Cat Vocal Problems


Cats can lose their voice as easily as humans can lose theirs. Sometimes stubbornness may be the primary factor of feline vocal “problems,” but some of the most common conditions behind these problems are due to laryngitis, upper respiratory diseases, feline immunodeficiency virus and oral cancer. With the proper care and attention, most conditions can be either treated or managed without forcing cats into life-threatening situations.


One of the most common contributors to loss of voice in cats is the inflammation of the vocal box, also known as laryngitis. Laryngitis can result from throat infections, tonsillitis, inhalant allergies and/or pulmonary disease. In other instances, laryngitis can also be induced by excessive strain of the vocals cords, such as when the cat gets upset or scared and mews or howls incessantly. Laryngitis in cats is easily treated with the proper medication prescribed by your veterinarian.

Upper Respiratory Diseases

The two most common upper respiratory viruses affecting cats are Rhinotracheitis (FVR) and Calicivirus (FCV). FVR, the more severe of the two, affects the nose, eyes, throat and sinus area, specifically affecting the breathing passage. FCV is a smaller strand of virus that affects the mouth, eyes and sometimes lungs of the cat. This disease can be contracted through both direct and indirect contact. Both FCV and FVR are treated with antibiotics prescribed by veterinarians. Both conditions are best treated through preventative care such as vaccinations and managed through proper cleaning and sanitizing of infected areas. Both viruses specifically target newborn kittens and can potentially be life-threatening if not treated and vaccinated properly.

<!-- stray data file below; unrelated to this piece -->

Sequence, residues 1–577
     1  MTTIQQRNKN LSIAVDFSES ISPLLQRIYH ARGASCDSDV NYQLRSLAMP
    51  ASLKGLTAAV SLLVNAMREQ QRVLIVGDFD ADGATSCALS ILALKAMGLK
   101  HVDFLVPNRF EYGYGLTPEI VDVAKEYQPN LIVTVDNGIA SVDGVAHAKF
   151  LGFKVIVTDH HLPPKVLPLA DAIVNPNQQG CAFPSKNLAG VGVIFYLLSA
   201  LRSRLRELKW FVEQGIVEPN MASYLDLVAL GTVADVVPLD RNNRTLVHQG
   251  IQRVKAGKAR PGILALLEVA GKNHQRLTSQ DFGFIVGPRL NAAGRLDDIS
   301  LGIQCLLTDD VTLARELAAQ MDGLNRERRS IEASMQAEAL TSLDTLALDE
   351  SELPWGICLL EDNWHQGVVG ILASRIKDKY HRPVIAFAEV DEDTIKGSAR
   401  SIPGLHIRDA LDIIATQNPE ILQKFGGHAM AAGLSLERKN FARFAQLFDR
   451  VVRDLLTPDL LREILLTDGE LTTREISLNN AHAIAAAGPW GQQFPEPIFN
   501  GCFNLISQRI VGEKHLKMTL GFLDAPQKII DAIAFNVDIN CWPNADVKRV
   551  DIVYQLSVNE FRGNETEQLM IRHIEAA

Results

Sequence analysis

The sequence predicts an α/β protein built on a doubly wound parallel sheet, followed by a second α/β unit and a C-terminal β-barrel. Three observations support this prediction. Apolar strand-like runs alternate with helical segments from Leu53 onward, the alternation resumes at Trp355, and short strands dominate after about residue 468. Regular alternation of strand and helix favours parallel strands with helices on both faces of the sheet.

Feline Immunodeficiency Virus

Cats with Feline Immunodeficiency Virus (FIV), also call Feline Aids, often also exhibit signs of vocal strain. FIV is most commonly contracted through bite wounds and, by default, is mostly found in outdoor cats. Common symptoms, although not always apparent until much later in the life of a cat, are swollen glands and increased anxiety or aggression. FIV is also associated with conditions such as diarrhea, ulcers in the mouth, weight loss, skin disease and anemia. Unfortunately, the virus is currently not treatable; however, because the signs and symptoms mentioned above typically take years to develop into infections, cats can live long healthy lives. When the infections do start to develop, veterinarians can prescribe medications to control the symptoms.

Oral Cancer

Feline oral cancer, though not the most common feline cancer, is almost always fatal. Some easily detectable symptoms include difficulty eating including dropping food from the mouth, lack of appetite, lack of grooming, vocal strain, drooling and the swelling and bleeding of the mouth. Because these symptoms can also be attributed to other feline conditions such as upper respiratory infections, always bring your cat into a veterinarian when these symptoms exist. Oral cancer is usually diagnosed after careful examination and blood testing. If a tumor in the mouth exists, a biopsy will be done to determine if it is cancerous or malignant. If cancerous and depending on the size of the tumor, veterinarians will typically recommend a schedule of chemotherapy or a surgical procedure in which to remove the tumor.


If you suspect your once vocal cat to have uncommon vocal problems, always use cautionary methods and bring her into the veterinarian’s office as soon as possible in order to treat any underlying causes including any of the aforementioned. In addition, as discussed, cats almost always lose their appetites or change their eating habits when in distress. Make sure to follow your veterinarian’s nutritional instructions to ensure your cat is getting the proper nutrients when they aren’t able to provide it for themselves.

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